• improve food security and increase incomes;
  • win new local regional and international markets;
  • reduce food imports.

In early 2012, the Cameroon government launched a programme, ‘Agropoles’, aimed at promoting medium and large enterprises in rural areas through “support to the elaboration, funding and sustainable management” of projects.

In Gabon, in December 2012, the government announced its intention to increase the share of the agricultural sector as a proportion of GDP from its current 1% to 15% by 2020. The focus is on cash crops (palm oil, soya, sugar, maize, rubber, coffee and cocoa), with ambitious plans to attract foreign investment through large-scale land leases. For palm oil alone, the objective is to reach production of 250,000 tonnes by 2020.

2.4       Developments in EPA and other FTA negotiations

Regional EPA negotiations developments

According to the South Centre’s review of the state of play in EPA negotiations, published in March 2013, the last meeting of European and Central African negotiators took place from 26 to 30 September 2011 in the Central African Republic. At this meeting, “market access, rules of origin, services and investment, cultural cooperation, accompanying measures such as development cooperation, and fiscal impact” were discussed. The outstanding contentious issues related to the Central Africa market access offer and support for EPA-related development assistance. At the time of the meeting, efforts were under way to develop a regional programme of EPA accompanying measures (PRADA). After the meeting, it was expected that the Central Africa EPA group would propose a new market access offer on the basis of the EC’s proposal that several additional tariff lines be added, liberalising trade in those areas.

Analysis from the South Centre assessing the impact of the existing Central African tariff elimination offer on domestic production found that there is local production that falls under 913 tariff lines in the areas to be liberalised, and that the EU is more competitive in 772 of these lines – some 84.6% of the areas where Central Africa has a current production interest. The South Centre concluded that local production “could be at risk” if liberalisation took place on this basis. These products include a range of processed agricultural products.

At the regional level, a meeting of the Permanent Secretariat of the Regional EPA Committee (composed of ECCAS and CEMAC technical officials) was held from 13 to 17 February 2012, with the aim of getting an agreement on a draft negotiating programme.

At the ACP level, in December 2012, the ACP Sipopo Declaration recalled some basic principles to be applied to the remaining EPA negotiations, and the need for the EU to adopt a more flexible approach to negotiations and take into account the development needs of ACP states (see Agritrade article ‘ Position of ACP heads of state and governments on the EPA negotiations’, 27 January 2013).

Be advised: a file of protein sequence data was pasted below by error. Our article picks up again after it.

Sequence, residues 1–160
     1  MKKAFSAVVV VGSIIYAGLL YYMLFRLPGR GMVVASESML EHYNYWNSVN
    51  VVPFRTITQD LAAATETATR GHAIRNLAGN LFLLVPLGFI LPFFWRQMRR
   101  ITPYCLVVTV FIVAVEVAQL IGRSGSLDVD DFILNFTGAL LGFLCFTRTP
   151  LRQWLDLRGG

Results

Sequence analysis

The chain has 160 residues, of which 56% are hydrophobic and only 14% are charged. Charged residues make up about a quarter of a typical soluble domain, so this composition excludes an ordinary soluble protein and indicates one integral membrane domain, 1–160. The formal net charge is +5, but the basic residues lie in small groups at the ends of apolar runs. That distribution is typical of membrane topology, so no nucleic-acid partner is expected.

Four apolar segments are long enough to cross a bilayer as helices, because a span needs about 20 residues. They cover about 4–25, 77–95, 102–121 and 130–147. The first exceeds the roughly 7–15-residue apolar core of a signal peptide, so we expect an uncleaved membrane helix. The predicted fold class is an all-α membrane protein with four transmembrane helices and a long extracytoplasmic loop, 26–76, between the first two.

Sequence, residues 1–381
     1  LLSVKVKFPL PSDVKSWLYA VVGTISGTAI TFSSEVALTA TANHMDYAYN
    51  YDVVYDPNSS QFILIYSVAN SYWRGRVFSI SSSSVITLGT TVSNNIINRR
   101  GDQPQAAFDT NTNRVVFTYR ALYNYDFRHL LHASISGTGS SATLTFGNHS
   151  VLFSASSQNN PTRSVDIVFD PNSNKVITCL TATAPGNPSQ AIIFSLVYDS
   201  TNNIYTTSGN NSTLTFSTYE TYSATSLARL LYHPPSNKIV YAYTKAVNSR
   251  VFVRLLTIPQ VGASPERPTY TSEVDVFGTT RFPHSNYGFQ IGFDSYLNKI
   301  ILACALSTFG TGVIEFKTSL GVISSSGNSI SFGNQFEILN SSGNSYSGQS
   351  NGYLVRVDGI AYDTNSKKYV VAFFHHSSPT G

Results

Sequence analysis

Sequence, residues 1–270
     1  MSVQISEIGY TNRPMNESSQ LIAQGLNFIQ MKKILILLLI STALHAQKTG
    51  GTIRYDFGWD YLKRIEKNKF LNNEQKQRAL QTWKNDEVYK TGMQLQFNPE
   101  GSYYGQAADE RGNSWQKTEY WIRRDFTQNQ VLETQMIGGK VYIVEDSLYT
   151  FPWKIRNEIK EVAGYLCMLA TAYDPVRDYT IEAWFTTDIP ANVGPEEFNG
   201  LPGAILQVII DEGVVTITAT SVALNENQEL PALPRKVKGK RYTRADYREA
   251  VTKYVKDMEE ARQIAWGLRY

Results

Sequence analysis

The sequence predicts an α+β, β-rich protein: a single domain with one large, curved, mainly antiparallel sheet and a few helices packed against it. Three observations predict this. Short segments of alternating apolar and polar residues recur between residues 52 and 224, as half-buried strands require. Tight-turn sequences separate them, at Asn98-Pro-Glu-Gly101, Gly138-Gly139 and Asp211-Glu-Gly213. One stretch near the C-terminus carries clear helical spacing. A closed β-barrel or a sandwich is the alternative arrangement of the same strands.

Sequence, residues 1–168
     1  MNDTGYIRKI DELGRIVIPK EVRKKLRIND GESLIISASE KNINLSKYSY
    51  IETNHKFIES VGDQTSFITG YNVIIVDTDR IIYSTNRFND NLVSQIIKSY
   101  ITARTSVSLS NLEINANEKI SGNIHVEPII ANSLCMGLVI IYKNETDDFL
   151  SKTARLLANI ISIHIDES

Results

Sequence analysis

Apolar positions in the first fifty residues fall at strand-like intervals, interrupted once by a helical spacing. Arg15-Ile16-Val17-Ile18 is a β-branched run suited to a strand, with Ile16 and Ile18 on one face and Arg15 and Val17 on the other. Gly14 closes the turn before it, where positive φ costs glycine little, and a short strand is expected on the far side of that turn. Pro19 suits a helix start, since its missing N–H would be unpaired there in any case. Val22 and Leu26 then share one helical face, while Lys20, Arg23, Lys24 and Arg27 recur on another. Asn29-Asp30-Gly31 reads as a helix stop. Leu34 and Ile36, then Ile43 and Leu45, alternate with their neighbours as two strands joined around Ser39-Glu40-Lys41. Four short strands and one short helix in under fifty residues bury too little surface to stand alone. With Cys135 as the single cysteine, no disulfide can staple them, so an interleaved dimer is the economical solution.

Cameroon to implement EPA by October 2014 or lose preferential market access

After considerable discussion and a trilateral dialogue between the EC, European Council and European Parliament to resolve divergent positions, 1 October 2014 has been established as the final deadline for completion of EPA negotiation processes with ACP countries (see Agritrade article ‘ EU Council reaffirms its commitment to January 2014 deadline for complet...’, 13 January 2013 and ‘ European Parliament set to endorse “trilogue” 1 October 2014 deadline fo...’, 6 April 2013).

After 1 October 2014, the current transitional duty-free, quota-free access to the EU market will lapse. Therefore, unless the EPA process is concluded at the Central African regional level or bilaterally by Cameroon, through the implementation of its agreed IEPA commitments, Cameroon’s current duty-free, quota-free access to the EU market will lapse. This would result in the reimposition of tariffs on imports from Cameroon, with Cameroonian exporters needing to pay an estimated €49.86 million in import tariffs for their goods to enter the EU market. It would primarily affect banana exporters, profoundly exacerbating an already difficult market situation.

Other FTA negotiations

According to a government press release, Equatorial Guinea has been in discussions with Turkey for a number of years regarding a free trade agreement, with the latest meeting held at the end of April 2013. According to Turkey, similar FTA agreements are being sought with Cameroon and the DRC in Central Africa, and with a range of other ACP countries (e.g. Ghana, Seychelles and South Africa). Turkey has already concluded an FTA agreement with Mauritius, which entered into effect on 1 June 2013.

3.         Current policy debates and issues

3.1       Getting to grips with underlying constraints

A critical issue in intra-regional trade in agro-food products in Central Africa relates to the need to boost national agricultural and agro-food sector production. Without increased national production, the scope for intra-regional trade in originating agro-food products will remain limited. The ongoing CAADP process, if it takes root nationally and is reflected in national budgetary allocations, could contribute to this objective.